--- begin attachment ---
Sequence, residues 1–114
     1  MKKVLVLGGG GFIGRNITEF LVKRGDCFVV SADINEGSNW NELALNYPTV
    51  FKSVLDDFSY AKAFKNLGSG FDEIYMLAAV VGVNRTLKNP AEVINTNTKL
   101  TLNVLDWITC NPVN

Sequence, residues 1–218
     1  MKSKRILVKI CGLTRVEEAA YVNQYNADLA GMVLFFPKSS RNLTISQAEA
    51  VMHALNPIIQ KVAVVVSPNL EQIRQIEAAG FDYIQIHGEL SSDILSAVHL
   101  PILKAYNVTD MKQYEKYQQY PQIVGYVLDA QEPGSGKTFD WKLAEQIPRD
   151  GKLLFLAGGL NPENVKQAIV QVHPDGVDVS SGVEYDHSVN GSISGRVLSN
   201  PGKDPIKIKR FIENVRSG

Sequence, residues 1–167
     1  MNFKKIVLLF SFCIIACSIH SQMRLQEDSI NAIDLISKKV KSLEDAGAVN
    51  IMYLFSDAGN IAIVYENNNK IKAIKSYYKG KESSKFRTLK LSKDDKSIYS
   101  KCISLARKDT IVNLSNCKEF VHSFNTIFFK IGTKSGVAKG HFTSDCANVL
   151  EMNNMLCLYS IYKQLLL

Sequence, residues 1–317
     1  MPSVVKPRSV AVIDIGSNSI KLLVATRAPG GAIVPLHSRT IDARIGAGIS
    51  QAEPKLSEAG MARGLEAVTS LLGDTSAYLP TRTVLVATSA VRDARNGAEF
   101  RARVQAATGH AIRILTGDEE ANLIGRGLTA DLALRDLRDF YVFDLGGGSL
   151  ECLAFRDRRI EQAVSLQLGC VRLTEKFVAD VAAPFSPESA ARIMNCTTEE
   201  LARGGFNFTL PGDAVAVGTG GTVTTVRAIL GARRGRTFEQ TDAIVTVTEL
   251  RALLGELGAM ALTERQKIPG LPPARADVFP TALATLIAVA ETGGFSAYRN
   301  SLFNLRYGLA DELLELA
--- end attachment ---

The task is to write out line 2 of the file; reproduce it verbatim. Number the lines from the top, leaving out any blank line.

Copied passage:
     1  MKKVLVLGGG GFIGRNITEF LVKRGDCFVV SADINEGSNW NELALNYPTV